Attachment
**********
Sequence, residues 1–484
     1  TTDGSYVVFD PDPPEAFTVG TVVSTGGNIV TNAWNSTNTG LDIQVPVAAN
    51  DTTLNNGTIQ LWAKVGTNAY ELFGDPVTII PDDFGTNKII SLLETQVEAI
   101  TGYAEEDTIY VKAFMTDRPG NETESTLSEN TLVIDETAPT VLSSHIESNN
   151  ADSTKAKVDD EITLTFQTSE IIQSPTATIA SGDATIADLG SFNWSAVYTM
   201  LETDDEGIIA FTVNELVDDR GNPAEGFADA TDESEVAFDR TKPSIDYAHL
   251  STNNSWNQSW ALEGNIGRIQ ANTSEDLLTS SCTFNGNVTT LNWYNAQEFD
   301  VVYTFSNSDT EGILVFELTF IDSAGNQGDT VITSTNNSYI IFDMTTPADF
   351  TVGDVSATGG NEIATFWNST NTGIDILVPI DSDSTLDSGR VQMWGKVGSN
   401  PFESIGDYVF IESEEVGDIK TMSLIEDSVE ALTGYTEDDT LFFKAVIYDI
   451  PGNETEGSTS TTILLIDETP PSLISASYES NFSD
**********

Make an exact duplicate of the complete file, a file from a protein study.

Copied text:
Sequence, residues 1–484
     1  TTDGSYVVFD PDPPEAFTVG TVVSTGGNIV TNAWNSTNTG LDIQVPVAAN
    51  DTTLNNGTIQ LWAKVGTNAY ELFGDPVTII PDDFGTNKII SLLETQVEAI
   101  TGYAEEDTIY VKAFMTDRPG NETESTLSEN TLVIDETAPT VLSSHIESNN
   151  ADSTKAKVDD EITLTFQTSE IIQSPTATIA SGDATIADLG SFNWSAVYTM
   201  LETDDEGIIA FTVNELVDDR GNPAEGFADA TDESEVAFDR TKPSIDYAHL
   251  STNNSWNQSW ALEGNIGRIQ ANTSEDLLTS SCTFNGNVTT LNWYNAQEFD
   301  VVYTFSNSDT EGILVFELTF IDSAGNQGDT VITSTNNSYI IFDMTTPADF
   351  TVGDVSATGG NEIATFWNST NTGIDILVPI DSDSTLDSGR VQMWGKVGSN
   401  PFESIGDYVF IESEEVGDIK TMSLIEDSVE ALTGYTEDDT LFFKAVIYDI
   451  PGNETEGSTS TTILLIDETP PSLISASYES NFSD